The Opium Wars Contribution To The Creation Of Imperialism

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1. The Opium Wars contributed to the creation of Imperialism greatly. Right before the first war, Chinese leaders were trying to purge themselves of the drug making Europeans upset. They believed they had the right to trade with whomever they wanted which led to fighting. British beat the Chinese and with the Treaty of Nanking got trading privileges, and access to five cities and Hong Kong, controlling trade. After the second war, other countries thought they should have the same rights and economic advantages. By the end of the 19th century, many different countries laid claim to certain industries within China. Leopold II also contributed to the urged a group of his own Belgians to pursue the inlands of Africa because of the fertile valleys. …show more content…
Woodrow Wilson’s fourteen points are about how the Great War should conclude and that they should achieve peace without victory. There should be no more secret agreements and free navigation of all seas. There should be an end to all economic barriers between countries. Countries need to reduce the number of weapons to not appear as a threat. All decisions regarding the colonies should be impartial. This impartiality that was to be exercised shows that he believed that imperialism should not really happen because it is not in the best interest of the other country and that the countries exercising imperialism are only doing it to help their country out and nothing else. In addition, the German Army was to be removed from Russia and they were to be left to develop their own political set-up. Many countries are to return how they were before the war. He believed that each country should be allowed to exercise self-determination or to decide how they want to be governed. He also proposed that there should be a league of nations created to help protect and secure independent states, and they were to try to keep the peace. (Words …show more content…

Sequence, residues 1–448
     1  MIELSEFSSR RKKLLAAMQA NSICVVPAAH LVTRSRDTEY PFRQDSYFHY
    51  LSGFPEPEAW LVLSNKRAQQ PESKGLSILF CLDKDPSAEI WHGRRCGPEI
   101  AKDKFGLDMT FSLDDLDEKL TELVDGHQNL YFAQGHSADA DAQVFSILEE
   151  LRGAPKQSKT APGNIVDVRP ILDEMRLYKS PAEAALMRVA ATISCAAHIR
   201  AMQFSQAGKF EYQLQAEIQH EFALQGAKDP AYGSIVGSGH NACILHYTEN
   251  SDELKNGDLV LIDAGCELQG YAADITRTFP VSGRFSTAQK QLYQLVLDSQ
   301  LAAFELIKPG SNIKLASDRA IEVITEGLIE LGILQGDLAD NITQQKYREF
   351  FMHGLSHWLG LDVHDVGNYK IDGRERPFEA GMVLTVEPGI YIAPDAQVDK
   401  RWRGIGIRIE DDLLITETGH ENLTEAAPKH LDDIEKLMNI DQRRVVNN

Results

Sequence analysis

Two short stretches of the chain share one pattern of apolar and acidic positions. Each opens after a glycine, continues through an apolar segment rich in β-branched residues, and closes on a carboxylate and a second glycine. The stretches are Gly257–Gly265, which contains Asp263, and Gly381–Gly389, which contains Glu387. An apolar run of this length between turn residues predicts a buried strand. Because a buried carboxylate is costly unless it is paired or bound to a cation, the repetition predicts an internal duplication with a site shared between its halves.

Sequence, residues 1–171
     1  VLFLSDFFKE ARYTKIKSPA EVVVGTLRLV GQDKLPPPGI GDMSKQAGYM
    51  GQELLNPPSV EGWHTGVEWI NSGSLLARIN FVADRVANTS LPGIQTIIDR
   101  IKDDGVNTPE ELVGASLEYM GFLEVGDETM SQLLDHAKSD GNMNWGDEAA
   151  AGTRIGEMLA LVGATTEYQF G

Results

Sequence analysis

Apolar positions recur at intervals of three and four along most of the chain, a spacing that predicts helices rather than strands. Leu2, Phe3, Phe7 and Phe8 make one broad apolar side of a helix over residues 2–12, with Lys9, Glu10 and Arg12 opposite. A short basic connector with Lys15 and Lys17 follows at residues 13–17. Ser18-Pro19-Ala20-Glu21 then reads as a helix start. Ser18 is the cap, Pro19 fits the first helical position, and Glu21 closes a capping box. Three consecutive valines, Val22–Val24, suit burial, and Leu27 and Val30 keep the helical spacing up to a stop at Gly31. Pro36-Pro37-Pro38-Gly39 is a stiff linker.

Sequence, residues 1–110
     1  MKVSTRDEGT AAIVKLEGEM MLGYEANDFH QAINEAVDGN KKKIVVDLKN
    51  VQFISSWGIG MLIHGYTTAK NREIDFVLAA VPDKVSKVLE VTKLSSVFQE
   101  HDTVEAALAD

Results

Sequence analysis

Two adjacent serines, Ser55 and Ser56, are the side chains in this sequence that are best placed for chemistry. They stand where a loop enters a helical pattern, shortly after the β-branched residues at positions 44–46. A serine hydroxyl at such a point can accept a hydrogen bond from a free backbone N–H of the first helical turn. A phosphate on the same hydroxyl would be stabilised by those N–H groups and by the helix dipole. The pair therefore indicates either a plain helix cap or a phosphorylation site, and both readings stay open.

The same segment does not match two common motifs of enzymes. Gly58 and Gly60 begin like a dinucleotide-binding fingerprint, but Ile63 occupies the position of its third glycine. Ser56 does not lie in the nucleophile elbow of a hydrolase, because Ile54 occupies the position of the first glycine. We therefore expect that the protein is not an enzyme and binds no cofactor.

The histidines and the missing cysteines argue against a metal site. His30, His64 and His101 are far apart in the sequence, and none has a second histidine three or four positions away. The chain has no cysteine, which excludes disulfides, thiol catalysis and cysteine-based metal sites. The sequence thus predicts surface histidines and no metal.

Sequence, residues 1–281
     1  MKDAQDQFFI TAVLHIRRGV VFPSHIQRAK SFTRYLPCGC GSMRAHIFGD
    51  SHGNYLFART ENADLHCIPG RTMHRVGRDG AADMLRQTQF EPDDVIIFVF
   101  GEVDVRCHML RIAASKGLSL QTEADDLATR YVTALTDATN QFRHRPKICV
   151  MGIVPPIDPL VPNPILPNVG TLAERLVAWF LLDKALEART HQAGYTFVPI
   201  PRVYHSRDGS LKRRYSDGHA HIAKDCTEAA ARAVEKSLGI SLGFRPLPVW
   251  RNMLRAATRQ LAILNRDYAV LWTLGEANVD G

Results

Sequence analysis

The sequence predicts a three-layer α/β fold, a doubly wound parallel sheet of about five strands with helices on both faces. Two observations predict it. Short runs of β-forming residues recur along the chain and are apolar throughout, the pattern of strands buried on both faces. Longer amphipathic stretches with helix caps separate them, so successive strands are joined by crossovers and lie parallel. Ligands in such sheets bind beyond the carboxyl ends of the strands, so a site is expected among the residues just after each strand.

In his speech, he agreed with almost all of the European countries that the Great War was Germany’s fault. He believe they sought out hostility and were determined to be respected and gain influence through whatever means necessary. He blamed them because everything that they did with their navy and most of their foreign policy led to friction and conflict between them and other nations, and all of Europe was at peace until they wanted to dominate Europe. Even though he placed blame on Germany, he was rather fearful of what would happen post war. This was due mainly because the treaties made at the Peace Conference were more of a punishment to Germany. Because of all of the punishment, Clemenceau was scared that Germany might resent the rest of Europe for all of the stipulations placed on them after the war. He was scared that the resentment might lead to an even bigger conflict down the road. Like Clemenceau, President Woodrow Wilson and his fourteen points agreed that although Germany started the war, it has been nothing but devastating to everyone and both sides should come to a peace agreement without victory. This is because he knew that if there were a winner and a loser, the winner would deal out harsh punishments and not really be fair at keeping peace. He advocated that by not having a winner and a loser there would be equal peace and it will be easier later. With having a winner and a loser, the

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